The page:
Marianne Elliott directs COMPANY, Stephen Sondheim and George Furth’s legendary musical comedy about life, love and marriage.
At Bobbie’s (Rosalie Craig) 35th birthday party all her friends are wondering why isn’t she married? Why can’t she find the right man and Why can’t she settle down and have a family? Featuring Stephen Sondheim’s award winning songs Company, You Could Drive a Person Crazy, The Ladies Who Lunch, Side by Side and the iconic Being Alive.
Starring Rosalie Craig as Bobbie, Patti LuPone as Joanne, Mel Giedroyc as Sarah, Jonathan Bailey as Jamie, George Blagden as PJ, Ashley Campbell as Peter, Richard Fleeshman as Andy, Alex Gaumond as Paul, Richard Henders as David, Ben Lewis as Larry, Daisy Maywood as Susan, Jennifer Saayeng as Jenny, Matthew Seadon-Young as Theo and Gavin Spokes as Harry.
Buy The Gielgud Theatre London Tickets
35-37 Shaftesbury Avenue, London, W1D 6AR
Gielgud Theatre Seating Plan
Gielgud Theatre Box Office Opening Hours:
Gielgud Theatre Box Office Telephone: 0844 482 5130
Monday – Saturday: 10am – 7.45pm
Venue and Travel Information
Nearest Tube: Piccadilly Circus (approximately. 250m), Charing Cross (approx. 550m)
Nearest Tube Lines: Bakerloo, Piccadilly
Directions from nearest tube: Take Shaftesbury Avenue along the side where the famous illuminated signs are. The theatre is on the left after about 100 metres.
Nearest Railway Station: Charing Cross (approximately. 550m)
Bus Numbers: (Shaftesbury Avenue) 14, 19, 38
Car Park: Brewer Street (3 minutes)
Within Congestion Zone: Yes
Venue Facilities: Air conditioned, Bar, Disabled toilets, Infrared hearing loop, Toilets, Wheelchair accessible
The Gielgud Theatre London Brief History
The theatre opened on 27th December 1906 as the Hicks Theatre after actor, manager and playwright Seymour Hicks, for whom it was built. Designed by W G R Sprague in the style of Louis XVI, the theatre had 970 seats. The theatre was constructed as one of two with the Queen’s Theatre, which subsequently opened in 1907 on the adjacent street corner.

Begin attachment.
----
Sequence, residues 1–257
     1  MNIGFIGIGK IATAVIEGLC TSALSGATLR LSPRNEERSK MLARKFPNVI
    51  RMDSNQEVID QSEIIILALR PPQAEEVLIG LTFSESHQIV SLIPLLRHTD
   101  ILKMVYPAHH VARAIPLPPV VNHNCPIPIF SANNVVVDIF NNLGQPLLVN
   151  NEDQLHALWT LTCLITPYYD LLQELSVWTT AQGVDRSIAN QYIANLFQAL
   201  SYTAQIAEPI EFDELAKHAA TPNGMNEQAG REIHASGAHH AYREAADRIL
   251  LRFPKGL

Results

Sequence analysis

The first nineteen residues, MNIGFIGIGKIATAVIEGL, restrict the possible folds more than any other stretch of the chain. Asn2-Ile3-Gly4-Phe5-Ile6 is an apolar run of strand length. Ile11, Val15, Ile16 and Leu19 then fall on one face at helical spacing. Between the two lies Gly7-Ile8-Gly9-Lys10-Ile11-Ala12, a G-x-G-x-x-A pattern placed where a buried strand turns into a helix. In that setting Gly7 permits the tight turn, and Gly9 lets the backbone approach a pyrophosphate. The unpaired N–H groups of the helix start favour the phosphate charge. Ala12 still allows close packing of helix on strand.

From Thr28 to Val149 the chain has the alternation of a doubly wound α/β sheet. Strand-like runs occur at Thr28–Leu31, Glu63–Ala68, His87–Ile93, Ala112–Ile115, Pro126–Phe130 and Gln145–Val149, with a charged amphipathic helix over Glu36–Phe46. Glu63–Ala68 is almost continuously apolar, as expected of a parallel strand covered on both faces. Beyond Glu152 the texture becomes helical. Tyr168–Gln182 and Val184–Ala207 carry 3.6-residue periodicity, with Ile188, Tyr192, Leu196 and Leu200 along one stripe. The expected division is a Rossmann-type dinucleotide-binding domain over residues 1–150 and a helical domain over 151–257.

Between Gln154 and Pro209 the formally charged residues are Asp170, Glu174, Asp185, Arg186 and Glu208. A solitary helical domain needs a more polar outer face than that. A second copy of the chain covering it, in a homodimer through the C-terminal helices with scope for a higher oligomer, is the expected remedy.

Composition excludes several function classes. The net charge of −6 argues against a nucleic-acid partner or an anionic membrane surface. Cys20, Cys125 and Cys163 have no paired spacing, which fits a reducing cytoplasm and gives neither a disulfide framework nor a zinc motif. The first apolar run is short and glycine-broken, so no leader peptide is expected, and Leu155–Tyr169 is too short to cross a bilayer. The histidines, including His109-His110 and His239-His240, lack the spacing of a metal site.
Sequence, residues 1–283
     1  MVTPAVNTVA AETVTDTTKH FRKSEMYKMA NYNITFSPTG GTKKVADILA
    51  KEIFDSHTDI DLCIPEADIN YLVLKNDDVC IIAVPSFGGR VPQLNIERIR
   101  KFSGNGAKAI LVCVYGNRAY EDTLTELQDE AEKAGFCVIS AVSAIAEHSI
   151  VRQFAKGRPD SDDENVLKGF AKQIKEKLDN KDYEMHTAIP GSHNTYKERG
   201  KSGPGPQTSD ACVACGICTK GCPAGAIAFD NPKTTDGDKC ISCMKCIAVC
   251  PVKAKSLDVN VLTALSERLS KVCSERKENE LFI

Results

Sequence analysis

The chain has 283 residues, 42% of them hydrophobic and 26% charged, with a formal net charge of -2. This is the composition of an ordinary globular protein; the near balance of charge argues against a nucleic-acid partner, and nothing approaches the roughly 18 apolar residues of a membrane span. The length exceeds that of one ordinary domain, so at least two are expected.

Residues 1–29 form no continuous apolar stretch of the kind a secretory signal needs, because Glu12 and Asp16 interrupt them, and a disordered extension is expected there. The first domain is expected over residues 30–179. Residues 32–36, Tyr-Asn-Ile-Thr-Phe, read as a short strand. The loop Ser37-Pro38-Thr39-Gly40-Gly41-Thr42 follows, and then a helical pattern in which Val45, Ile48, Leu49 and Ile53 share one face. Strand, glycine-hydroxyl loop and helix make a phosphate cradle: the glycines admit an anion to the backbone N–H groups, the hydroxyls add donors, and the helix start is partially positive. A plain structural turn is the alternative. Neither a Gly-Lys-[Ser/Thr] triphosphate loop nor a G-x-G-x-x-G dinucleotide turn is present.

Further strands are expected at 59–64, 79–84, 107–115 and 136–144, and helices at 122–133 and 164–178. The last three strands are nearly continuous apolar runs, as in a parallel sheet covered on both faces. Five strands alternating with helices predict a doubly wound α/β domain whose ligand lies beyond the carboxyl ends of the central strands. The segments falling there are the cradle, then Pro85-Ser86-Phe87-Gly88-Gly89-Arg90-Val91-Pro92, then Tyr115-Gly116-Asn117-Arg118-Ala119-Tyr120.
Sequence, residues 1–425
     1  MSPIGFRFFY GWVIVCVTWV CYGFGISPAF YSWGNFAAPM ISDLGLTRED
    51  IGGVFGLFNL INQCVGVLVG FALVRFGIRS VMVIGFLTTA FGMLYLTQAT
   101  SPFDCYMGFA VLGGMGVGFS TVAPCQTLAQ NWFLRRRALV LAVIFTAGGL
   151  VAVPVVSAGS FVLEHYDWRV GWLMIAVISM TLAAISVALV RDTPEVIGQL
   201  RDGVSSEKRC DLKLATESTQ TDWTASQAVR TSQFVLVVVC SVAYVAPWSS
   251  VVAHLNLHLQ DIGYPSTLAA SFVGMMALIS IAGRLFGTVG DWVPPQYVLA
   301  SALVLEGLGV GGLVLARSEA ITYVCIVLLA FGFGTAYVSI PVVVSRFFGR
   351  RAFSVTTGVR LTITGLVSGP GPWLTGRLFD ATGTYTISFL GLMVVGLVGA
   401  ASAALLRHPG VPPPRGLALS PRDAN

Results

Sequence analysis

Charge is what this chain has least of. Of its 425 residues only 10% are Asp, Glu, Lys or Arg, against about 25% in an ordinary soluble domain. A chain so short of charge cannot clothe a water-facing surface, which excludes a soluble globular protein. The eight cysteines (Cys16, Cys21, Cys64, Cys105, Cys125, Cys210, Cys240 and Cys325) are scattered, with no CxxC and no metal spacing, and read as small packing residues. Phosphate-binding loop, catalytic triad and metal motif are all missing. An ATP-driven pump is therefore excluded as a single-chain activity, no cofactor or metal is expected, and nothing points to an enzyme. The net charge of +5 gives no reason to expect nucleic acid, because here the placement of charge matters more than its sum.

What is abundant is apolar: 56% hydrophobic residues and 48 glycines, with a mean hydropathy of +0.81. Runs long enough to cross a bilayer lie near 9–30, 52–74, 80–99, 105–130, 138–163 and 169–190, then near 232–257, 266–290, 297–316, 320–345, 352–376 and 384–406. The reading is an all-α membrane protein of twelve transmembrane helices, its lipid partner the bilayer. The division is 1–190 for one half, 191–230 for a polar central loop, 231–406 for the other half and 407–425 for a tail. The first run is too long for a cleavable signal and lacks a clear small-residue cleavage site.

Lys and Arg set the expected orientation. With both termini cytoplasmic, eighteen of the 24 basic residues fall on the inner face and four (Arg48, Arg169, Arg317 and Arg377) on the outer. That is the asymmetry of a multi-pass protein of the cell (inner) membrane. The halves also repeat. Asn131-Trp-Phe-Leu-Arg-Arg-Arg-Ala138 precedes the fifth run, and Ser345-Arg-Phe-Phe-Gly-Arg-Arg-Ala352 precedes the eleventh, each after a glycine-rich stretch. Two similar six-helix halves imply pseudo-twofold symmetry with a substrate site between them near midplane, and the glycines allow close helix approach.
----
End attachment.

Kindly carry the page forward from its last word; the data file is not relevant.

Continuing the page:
The first performance at the theatre was a musical called The Beauty of Bath by Hicks and Cosmo Hamilton. Another Hicks musical My Darling, followed in 1907, with the Straus operetta after that and then A Waltz Dream in 1908. During the run of the theatre’s next major work, The Dashing Little Duke (1909), Hicks’ wife Ellaline Terriss, played the title role (a woman playing a man), and when she missed several performances due to illness, Hicks stepped forward into the role.
In 1909, the American impresario Charles Frohman became manager of the theatre and renamed it The Globe Theatre and then reopened with His Borrowed Plumes written by Winston Churchill’s mother, Lady Randolph Churchill. Another Globe Theatre, situated on Newcastle Street, had been demolished in 1902 to make way for the construction of the Aldwych, and so the name became available. Several celebrated productions followed which included Call It A Day by Dodie Smith which opened in 1935 and ran for 509 performances, and was considered extremely successful for this period.
Terence Frisby’s There’s a Girl in My Soup, opening in 1966, running for 1,064 performances at the theatre, a record that was not passed until Andrew Lloyd Webber’s Olivier Award-winning comedy Daisy Pulls It Off by Densie Deegan which opened in April 1983 to run for 1,180 performances, which remains the theatre’s longest run. In 1987 Peter Shaffer’s play Lettice and Lovage was a huge hit with Maggie Smith and Margaret Tyzack starring and running for two years. The Globe was at one time the home of a resident theatre cat named Beerbohm. The cat’s portrait hangs in the corridor near the stalls. Beerbohm appeared on stage at least once during each production, causing the actors to improvise. The cat occupied certain actors’ dressing rooms while they were at the theatre, including Peter Bowles, Michael Gambon and Penelope Keith. Beerbohm was mentioned several times on Desert Island Discs, and he was the only cat to have a front page obituary in the theatrical publication, The Stage. Beerbohm died in March 1995 at the grand old age of 20.
The theatre was refurbished in 1987, which included extensive work on the gold leaf in the auditorium. The theatre is renowned for its beautiful circular Regency staircase, oval gallery and tower. The theatre has presented a number of Alan Ayckbourn premieres, including 1990′s Man of the Moment. Subsequently, Oscar Wilde’s classic comedy, An Ideal Husband (1992) and One Flew Over the Cuckoo’s Nest (2004) which saw notable revivals.
In 1994, in preparation for the 1997 opening of a reconstruction of Shakespeare’s Globe Theatre on the South Bank by Sam Wanamaker, the theatre was renamed in honour of British actor John Gielgud. In 2003, Sir Cameron Mackintosh announced plans to refurbish the Gielgud, including a joint entrance foyer, with the adjacent Queen’s Theatre, looking out on to Shaftesbury Avenue. Mackintosh’s Delfont Mackintosh Theatres took control of the Gielgud from Andrew Lloyd Webber’s Really Useful Theatre Group in 2006.
Work on the front of the theatre started in March 2007 and the interior restoration, including reinstating the boxes at the back of the dress circle, was completed in January 2008.